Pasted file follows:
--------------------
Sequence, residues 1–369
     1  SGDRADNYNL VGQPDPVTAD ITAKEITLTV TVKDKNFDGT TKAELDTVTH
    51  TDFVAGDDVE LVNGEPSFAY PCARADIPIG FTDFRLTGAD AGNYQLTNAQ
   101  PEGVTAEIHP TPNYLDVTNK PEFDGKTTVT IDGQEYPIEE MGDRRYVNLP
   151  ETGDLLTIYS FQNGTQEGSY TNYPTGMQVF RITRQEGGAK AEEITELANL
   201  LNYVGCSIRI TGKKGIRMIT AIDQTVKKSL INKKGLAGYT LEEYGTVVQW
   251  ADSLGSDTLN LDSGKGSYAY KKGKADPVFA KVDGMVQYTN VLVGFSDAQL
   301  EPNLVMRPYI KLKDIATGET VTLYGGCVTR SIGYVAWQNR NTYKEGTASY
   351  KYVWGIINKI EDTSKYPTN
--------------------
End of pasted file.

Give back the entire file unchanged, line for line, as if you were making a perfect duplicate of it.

Sequence, residues 1–369
     1  SGDRADNYNL VGQPDPVTAD ITAKEITLTV TVKDKNFDGT TKAELDTVTH
    51  TDFVAGDDVE LVNGEPSFAY PCARADIPIG FTDFRLTGAD AGNYQLTNAQ
   101  PEGVTAEIHP TPNYLDVTNK PEFDGKTTVT IDGQEYPIEE MGDRRYVNLP
   151  ETGDLLTIYS FQNGTQEGSY TNYPTGMQVF RITRQEGGAK AEEITELANL
   201  LNYVGCSIRI TGKKGIRMIT AIDQTVKKSL INKKGLAGYT LEEYGTVVQW
   251  ADSLGSDTLN LDSGKGSYAY KKGKADPVFA KVDGMVQYTN VLVGFSDAQL
   301  EPNLVMRPYI KLKDIATGET VTLYGGCVTR SIGYVAWQNR NTYKEGTASY
   351  KYVWGIINKI EDTSKYPTN